I didn’t sleep well last night, for a few reasons. 1, It was a crummy albergue. 2, It was hot. 3, Our Camino was coming to an end. It wasn’t the Camino Paula and I wanted, but it was the Camino we got. in a perfect world, we’d both be walking into Santiago; instead, Paula was already here, dealing with Covid.
I started early in the morning, and spent a few kilometers by myself in the forest. A medium-sized black dog – about the size of Humphrey – joined me out of nowhere. He briskly trotted past me, looking back a couple times. I saw him again a couple hundred meters later, waiting for his larger friend, a white dog. They both walked with me for a half-kilometer or so, looking back a couple times. Eventually they stopped to poop and I didn’t.
I met up with The Gang soon after that. Chris and Roxy, Mark and Jo, all from Wales. Allison from Canada. Kate from Scotland. Sven from Germany. Cherie from Texas. Paula and I met Kate in Astorga, and the rest along The Way. They absorbed me into their group seamlessly; carrying on conversations for the entire 19 kilometers. I love these people.
We grabbed up a few more people as we entered Santiago. Yuen Ru from London. Vancouver. Australia. Tiny French Woman. We all walked together the final kilometer or so. After so much talk the first 18 kilometers, we were all fairly quiet for the last bit. Lots of emotions swirling through my head; and I’m sure all of theirs as well. Most of them started in St. Jean. It’s impossible to portray just how close you get to these people in such a short time; you’ll just have to trust me that we do. And it’s doubly impossible to explain what goes through your head when you see the facade of the Cathedral. For me, it was 322 kilometers of walking over two weeks. For them, it was 780. For Paula, it was an even more difficult journey. I decided to go ahead and upload the three videos I shot walking through the old city. Like Paula said in an earlier post, we’re all about the honesty. But hahaha take a Dramamine before you watch them. They are shaky. You’ve been warned.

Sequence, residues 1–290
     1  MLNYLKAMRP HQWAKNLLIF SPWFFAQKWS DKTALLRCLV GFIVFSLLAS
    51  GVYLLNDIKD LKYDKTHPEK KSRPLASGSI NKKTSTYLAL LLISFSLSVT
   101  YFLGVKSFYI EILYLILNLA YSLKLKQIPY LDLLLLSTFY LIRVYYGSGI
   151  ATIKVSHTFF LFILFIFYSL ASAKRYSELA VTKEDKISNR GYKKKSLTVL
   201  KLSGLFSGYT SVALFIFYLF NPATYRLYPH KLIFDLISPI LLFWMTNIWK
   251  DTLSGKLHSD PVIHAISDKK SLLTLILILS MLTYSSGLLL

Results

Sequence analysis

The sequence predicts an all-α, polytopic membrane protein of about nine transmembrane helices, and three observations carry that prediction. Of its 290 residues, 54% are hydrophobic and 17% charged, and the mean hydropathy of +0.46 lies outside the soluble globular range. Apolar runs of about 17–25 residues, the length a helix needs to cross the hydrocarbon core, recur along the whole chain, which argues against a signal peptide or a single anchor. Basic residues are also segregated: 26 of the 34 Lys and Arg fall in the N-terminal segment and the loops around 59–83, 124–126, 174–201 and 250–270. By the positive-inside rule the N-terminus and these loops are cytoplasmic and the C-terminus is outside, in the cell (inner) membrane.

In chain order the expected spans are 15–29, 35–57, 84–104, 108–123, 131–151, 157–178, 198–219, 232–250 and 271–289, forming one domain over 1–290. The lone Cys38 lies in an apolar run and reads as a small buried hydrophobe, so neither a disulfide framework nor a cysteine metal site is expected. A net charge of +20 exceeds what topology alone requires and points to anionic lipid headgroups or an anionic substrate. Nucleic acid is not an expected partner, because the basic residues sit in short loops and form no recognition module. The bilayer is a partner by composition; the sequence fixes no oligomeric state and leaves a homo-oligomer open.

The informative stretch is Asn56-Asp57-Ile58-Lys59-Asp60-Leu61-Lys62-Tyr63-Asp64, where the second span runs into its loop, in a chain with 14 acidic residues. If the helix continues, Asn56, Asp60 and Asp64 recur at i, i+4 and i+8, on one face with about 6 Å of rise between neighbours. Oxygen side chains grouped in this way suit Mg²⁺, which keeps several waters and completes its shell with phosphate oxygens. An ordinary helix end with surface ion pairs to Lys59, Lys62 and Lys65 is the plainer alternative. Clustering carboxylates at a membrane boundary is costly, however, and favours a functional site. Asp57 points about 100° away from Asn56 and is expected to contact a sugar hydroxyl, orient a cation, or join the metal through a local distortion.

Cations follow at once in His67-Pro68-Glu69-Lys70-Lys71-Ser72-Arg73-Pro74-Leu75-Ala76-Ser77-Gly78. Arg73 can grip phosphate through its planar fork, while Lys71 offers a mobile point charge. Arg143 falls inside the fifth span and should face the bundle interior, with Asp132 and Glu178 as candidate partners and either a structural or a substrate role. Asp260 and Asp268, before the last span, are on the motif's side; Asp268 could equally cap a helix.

It was great to see Paula again. I know this has been a rough few days for her and she hasn’t recovered yet. hoping things get back to more normal over the next couple days. We took some pictures with our people – we ran into Margherita and Alessandro again – and picked up our compostelas. And we ran into a few more people on the plaza and beyond for more congratulations. We saw Blue Jeans Guy, who sold his bar and decided to walk the Camino. We saw the Pennsylvania couple. We saw Cindy from Germany. Maria from Germany left a nice message on Instagram. And we saw the Bucknell kids one last time.
Paula stayed in for dinner, while I met up with one of the Bucknell professors and the Italians. We marveled at how close some of us got on the Camino. We had in-depth discussions about religion. We traded numbers and promised to keep in touch. Who knows if we actually will, but the sentiment is there right now! 😉
Will I do the Camino again? Yeah, I could see it. There are things I would change for sure, but also, this has been an amazing journey. Never in a million years could I see myself walking double-digits miles day after day without a break. I never thought I’d be tired of French fries, but here I am. More thoughts to come, I’m sure. The walking portion of our Camino is over, but I think our Camino has just begun. Buen Camino.
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